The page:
Rich Mullins' story 'needs to be told'
by Terri Lackey
Baptist Standard August 14m 2000
NEW ORLEANS (BP)--Even in death, Rich Mullins has a profound effect on people.
"He was a poet and a prophet, and I've never met anyone like him before," said James Bryan Smith, author of "Rich Mullins: An Arrow Pointing to Heaven," a new Broadman & Holman book about the singer-songwriter who died Sept. 19, 1997, in a car crash.
"He was such a unique individual and so challenging," Smith said of the man who penned the praise song "Awesome God."
"I wrote the book because his story needed to be told," Smith said at the annual Christian Booksellers Association meeting this summer.
Smith strings together 10 key themes Mullins talked and wrote about when he was alive: the importance of family, the role of the church, the love of God, the person of Jesus, the beauty of creation, loving one another, growing through pain, freedom in simplicity, dealing with sin and life after death.
"This book gives readers a chance to sit down and have a cup of coffee with him--to know what I know. His music is wonderful, and I thank God we have it, but he speaks in this book. I was just a compiler of what he had to say," explained Smith, who wrote the book with the help of Mullins' friends, fans and family--especially his brother, David Mullins.
Smith, a theology professor and chaplain at Friends University in Wichita, Kan., met Mullins when the musician was attending Friends to get a degree in music education. Mullins' goal was to teach music and art to Native Americans, Smith said.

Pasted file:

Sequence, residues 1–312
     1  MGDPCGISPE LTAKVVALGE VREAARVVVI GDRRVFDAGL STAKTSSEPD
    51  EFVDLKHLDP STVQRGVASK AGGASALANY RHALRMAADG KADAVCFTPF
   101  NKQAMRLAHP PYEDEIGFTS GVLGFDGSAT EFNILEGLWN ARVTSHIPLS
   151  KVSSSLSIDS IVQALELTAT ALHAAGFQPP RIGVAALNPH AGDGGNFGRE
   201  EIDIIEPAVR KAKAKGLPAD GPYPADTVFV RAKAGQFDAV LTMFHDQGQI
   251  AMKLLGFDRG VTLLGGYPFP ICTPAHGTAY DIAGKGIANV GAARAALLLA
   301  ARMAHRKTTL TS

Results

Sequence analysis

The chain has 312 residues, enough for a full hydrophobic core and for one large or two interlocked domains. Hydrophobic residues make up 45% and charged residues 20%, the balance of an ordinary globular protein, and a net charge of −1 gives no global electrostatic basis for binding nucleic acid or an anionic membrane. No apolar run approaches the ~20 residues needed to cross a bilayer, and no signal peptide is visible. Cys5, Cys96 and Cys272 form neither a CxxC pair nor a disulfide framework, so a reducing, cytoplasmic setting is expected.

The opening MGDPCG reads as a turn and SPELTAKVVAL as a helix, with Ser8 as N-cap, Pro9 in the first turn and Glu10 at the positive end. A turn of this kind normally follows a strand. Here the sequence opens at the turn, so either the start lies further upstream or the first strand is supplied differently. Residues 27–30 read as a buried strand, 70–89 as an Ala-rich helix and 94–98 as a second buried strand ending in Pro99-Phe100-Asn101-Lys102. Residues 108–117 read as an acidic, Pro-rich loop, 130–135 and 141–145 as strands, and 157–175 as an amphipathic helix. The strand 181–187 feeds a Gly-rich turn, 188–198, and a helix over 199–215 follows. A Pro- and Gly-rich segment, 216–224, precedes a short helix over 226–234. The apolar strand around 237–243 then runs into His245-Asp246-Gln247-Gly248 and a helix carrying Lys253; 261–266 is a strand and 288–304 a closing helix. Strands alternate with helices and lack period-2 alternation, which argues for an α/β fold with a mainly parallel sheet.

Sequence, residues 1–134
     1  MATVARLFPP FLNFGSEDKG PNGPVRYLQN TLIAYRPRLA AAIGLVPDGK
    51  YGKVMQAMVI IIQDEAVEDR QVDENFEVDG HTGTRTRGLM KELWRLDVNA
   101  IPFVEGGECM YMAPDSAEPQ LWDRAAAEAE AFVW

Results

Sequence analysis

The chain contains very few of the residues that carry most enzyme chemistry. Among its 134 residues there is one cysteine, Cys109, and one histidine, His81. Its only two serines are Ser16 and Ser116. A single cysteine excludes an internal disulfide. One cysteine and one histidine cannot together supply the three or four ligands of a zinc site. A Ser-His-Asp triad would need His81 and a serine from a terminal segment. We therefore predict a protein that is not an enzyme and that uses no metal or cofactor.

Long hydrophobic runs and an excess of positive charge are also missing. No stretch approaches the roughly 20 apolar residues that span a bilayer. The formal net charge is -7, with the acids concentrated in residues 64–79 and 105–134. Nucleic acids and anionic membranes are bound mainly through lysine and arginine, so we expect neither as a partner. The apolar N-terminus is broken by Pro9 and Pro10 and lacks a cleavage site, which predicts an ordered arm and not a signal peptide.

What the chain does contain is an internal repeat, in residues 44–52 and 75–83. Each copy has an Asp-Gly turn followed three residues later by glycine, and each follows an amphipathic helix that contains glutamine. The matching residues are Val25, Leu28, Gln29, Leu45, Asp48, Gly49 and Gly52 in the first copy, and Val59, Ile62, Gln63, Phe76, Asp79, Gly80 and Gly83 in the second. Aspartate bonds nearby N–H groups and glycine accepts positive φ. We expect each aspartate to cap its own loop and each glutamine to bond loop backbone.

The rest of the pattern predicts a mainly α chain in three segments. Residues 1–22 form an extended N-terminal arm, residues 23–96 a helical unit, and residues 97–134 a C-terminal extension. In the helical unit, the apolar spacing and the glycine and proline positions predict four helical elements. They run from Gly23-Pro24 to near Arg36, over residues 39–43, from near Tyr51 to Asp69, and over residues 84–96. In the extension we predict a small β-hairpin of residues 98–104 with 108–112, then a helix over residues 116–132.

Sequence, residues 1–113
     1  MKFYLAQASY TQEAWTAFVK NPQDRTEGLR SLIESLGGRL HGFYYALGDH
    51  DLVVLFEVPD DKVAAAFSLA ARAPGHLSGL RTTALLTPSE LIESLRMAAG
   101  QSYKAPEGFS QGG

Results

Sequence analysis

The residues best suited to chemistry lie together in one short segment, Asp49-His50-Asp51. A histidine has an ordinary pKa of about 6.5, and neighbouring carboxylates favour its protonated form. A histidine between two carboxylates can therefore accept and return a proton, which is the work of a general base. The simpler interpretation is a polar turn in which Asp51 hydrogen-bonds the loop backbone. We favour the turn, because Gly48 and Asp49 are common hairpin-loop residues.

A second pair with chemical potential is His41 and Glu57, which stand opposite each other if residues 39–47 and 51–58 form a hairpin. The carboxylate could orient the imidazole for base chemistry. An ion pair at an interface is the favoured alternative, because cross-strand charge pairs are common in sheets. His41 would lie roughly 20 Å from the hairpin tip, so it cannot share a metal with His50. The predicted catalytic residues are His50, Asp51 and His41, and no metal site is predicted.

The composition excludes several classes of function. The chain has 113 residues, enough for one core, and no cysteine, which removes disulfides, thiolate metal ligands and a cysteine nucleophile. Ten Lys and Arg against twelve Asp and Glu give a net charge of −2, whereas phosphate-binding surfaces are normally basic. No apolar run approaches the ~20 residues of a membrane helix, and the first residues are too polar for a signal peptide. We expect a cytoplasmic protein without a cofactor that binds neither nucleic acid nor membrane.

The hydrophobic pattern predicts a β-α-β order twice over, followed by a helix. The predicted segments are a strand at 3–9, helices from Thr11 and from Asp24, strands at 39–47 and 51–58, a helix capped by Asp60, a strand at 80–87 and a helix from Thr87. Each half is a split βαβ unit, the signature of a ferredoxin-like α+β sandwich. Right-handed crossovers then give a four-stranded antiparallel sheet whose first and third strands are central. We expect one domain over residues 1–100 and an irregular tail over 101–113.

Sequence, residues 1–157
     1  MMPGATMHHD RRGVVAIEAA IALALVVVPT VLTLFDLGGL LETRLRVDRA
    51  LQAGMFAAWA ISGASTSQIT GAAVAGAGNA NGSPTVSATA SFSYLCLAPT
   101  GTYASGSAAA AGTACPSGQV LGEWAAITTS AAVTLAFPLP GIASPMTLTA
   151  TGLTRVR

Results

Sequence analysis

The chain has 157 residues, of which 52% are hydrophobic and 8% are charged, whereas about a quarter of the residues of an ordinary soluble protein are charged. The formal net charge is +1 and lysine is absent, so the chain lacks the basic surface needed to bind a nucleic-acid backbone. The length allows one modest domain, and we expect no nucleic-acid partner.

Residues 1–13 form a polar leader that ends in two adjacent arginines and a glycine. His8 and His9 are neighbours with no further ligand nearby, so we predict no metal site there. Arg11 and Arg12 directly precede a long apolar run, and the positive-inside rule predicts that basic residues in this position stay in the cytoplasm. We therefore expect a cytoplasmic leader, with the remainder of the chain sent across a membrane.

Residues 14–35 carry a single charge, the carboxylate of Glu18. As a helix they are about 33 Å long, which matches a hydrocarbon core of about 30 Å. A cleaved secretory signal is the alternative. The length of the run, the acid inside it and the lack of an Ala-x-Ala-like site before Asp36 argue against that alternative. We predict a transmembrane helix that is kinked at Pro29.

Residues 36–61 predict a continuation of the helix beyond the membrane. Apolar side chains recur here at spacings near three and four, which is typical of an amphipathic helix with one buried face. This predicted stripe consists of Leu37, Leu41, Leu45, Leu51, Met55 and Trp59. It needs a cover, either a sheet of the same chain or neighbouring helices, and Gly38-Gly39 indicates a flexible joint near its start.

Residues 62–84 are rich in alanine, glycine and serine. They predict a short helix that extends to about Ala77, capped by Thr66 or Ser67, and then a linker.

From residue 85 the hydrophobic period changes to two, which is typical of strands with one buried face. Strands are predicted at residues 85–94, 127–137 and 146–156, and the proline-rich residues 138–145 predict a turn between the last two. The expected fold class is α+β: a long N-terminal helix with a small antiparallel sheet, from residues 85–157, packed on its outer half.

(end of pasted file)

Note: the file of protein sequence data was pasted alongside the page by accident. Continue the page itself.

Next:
"I can honestly say that having Rich in my religion classes was very intimidating. It was a little like having Einstein in your physics class," Smith wrote in the book's introduction.
Mullins eventually came to live in Smith's attic apartment. "During the two and a half years he lived with us, Rich and I spent nearly every night (much to my wife's chagrin) sitting up and talking about God, life's meaning, the church, our favorite authors and passages of the Bible we were laboring to understand," Smith wrote.
Mullins' brother, David, said even as a kid "it was fairly obvious (Rich) was different. He had some strengths and some weaknesses. One of his strengths was having the ability to really care about people deeply. And he always had a desire to really know God more than know about him."
Smith said if he had to filter Rich Mullins' message into a succinct sentence, it would be his signature statement.
"He would always sign his CDs with 'Be God's.' That was his way of saying: 'It's great to be good, and we should strive to be good people. But more important than being good is to be wholly possessed by God.'"
Smith said while Mullins was a unique man who encouraged people to draw nearer to God, the book is not an attempt to turn him into a saint.
"Rich didn't have it all together. I think one reason so many people loved Rich is because he didn't pretend to. He was unblinkingly honest, shockingly honest. He would be the first to tell us of his imperfections."
Imperfect, perhaps, but Mullins was not influenced by worldly possessions, Smith said.
In fact, he gave away most of the money he made. Mullins instructed his accountant to give him only $24,000 a year, the average working person's wage. The rest, he gave away when he found a cause, Smith said.
"Rich lived very simply. He had few possessions; he didn't care about money," Smith wrote. In the book's foreword, Mullins' friend and author Brennan Manning wrote, "Jesus of Nazareth ruined Rich Mullins' life. And out of the ruins, he recreated a ragamuffin of startling originality; no human being who has crossed my path even remotely resembles him."
Smith believes Manning was saying that because Mullins lived by Jesus' example, he was ruined for this world.
"Our world runs on the unholy trinity of money, sex and power. But Rich had the values of the kingdom of God living in his heart. So in that sense, Jesus ruined his life for this world, but certainly not for the next."
The book, "Rich Mullins: An Arrow Pointing to Heaven" will be available in September.